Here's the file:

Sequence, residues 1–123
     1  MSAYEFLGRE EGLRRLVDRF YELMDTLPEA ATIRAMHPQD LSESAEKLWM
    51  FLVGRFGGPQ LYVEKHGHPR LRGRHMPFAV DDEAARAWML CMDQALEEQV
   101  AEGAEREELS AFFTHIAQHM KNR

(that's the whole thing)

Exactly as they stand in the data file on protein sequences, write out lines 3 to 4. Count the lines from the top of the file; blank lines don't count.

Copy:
    51  FLVGRFGGPQ LYVEKHGHPR LRGRHMPFAV DDEAARAWML CMDQALEEQV
   101  AEGAEREELS AFFTHIAQHM KNR